Advice on how to groom your dog at home

Tips to make grooming your dog an enjoyable experience

Grooming your dog can make them look great - but there are also important health and welfare benefits. You can visit a professional groomer, but many people choose to do it themselves (and this might be necessary in some areas due to the pandemic). So, if this is you, here are some tips to help.

Why groom your dog?

Grooming helps keep your dog's coat and nails tidy, removes knots, and ensures they look well cared for.

But there are some other, less obvious, benefits - such as removing old, damaged and dead hair and skin cells; preventing matts from forming; and distributing natural oils through the coat. Grooming can also remove unwanted objects from your dog's coat, like grass seeds.

Also, it's a great bonding opportunity. Many dogs love to be brushed and (if they do enjoy grooming), it can be a lovely time to spend with them.

How to groom

Starting early is key - if your dog becomes used to grooming early in their life, it'll generally make the process much easier. Start with short sessions and reward them with treats for being calm. You can start with the areas your dog likes to be groomed (usually the head, neck and body) and slowly move to other areas (like the belly, feet and tail).

It's good to have a variety of brushes and combs depending on your dog's coat. Find out what sort of brush might suit your dog by reading our tips on the Knowledgebase.

Gently brush the hair in the direction of the hair's growth. It's often helpful to start with a soft brush or wider tooth comb/brush to loosen any tangles in the coat and then, if necessary, move to a finer tooth comb/brush to work through anything more stubborn.

As well as brushing the main body, you should make sure to check in hard to see places such as between your dog's toes and in and around their ears.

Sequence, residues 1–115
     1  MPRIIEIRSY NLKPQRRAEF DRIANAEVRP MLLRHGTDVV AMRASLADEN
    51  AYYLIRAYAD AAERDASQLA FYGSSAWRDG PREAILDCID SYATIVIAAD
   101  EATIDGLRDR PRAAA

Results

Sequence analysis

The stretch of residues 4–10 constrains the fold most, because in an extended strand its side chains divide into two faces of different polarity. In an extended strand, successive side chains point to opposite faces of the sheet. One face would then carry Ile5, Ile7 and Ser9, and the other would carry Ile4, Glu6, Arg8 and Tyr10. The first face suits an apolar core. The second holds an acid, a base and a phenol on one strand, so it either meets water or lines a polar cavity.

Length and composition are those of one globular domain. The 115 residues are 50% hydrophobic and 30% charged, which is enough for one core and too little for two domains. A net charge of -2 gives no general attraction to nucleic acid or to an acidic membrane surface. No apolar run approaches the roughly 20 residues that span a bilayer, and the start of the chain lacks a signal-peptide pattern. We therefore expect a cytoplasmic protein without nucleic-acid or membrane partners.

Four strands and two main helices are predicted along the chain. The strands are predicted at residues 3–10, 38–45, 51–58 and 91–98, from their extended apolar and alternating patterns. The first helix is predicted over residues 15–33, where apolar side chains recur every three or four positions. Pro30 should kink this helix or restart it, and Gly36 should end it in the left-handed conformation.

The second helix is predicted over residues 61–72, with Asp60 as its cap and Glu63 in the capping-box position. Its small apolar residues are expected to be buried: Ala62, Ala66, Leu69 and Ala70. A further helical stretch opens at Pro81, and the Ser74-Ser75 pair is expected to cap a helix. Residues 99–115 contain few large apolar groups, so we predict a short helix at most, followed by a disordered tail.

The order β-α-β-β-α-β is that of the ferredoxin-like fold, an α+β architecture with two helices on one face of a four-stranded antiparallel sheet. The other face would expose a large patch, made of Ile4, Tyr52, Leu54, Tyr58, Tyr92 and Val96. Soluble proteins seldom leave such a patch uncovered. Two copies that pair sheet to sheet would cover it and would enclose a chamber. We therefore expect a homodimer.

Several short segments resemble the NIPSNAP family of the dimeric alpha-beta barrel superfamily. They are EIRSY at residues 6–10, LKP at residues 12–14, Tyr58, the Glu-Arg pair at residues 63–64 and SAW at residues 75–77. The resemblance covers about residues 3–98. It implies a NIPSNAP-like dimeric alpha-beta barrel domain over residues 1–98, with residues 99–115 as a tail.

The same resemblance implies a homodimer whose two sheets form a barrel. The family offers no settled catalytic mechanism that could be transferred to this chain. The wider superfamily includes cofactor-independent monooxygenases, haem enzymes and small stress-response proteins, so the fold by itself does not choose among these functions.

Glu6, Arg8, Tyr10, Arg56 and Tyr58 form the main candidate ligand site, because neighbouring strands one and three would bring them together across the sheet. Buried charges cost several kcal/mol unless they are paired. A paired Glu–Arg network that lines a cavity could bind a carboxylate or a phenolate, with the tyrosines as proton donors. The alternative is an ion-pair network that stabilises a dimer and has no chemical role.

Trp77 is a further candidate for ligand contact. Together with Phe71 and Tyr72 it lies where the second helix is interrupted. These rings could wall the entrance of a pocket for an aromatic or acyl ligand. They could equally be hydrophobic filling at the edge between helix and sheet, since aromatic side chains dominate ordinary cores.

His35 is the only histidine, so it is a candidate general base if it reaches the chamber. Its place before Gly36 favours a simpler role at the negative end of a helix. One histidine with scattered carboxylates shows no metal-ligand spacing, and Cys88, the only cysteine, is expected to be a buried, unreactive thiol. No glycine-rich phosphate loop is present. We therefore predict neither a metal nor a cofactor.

If your dog becomes uncomfortable at all, you should stop - and if you are uncertain about trimming something safely (e.g., a knot or hair overhanging the eyes) it might be safest to have a veterinarian, veterinary nurse or professional groomer help you.

Trimming the nails

You can ask your veterinarian to show you how to trim your dog's nails and how to tell when they need clipping. As a guide, they should be trimmed just before they start to touch the ground when the dog is standing or walking. If they're touching the ground, they're too long.

Make sure to check the dew claws as well which are on the inside of a dog's leg - these aren't worn down by exercise and can cause problems if they get too long.

Bathing

How often you should bathe your dog depends on the individual dog, including their activity (if they regularly swim in the sea or roll in the mud, they probably need bathing more often.).

This can be done in your bath or shower with warm water if safe - hydrobaths (including mobile ones) are also an option. In warm weather, you can use a garden hose outside on low pressure.

You should also use a dog shampoo that's suitable for your dog. No matter what method you use, always reward your dog, especially if they're reluctant.

Other grooming considerations

Other things to think about include whether your dog needs their coat trimmed or clipped, as well as how to groom your dog if they are double-coated.

This guide just scratches the surface, so we encourage you to read more on our Knowledgebase.

Some dogs simply don't like to be groomed. If your dog is anxious, using a professional groomer might be the best option.

We recommend you choose a reputable groomer who uses gentle handling and rewards to help make your pet feel comfortable - you can also ask your veterinarian for recommendations.

You may also be able to attend classes on how to groom your dog safely and comfortably.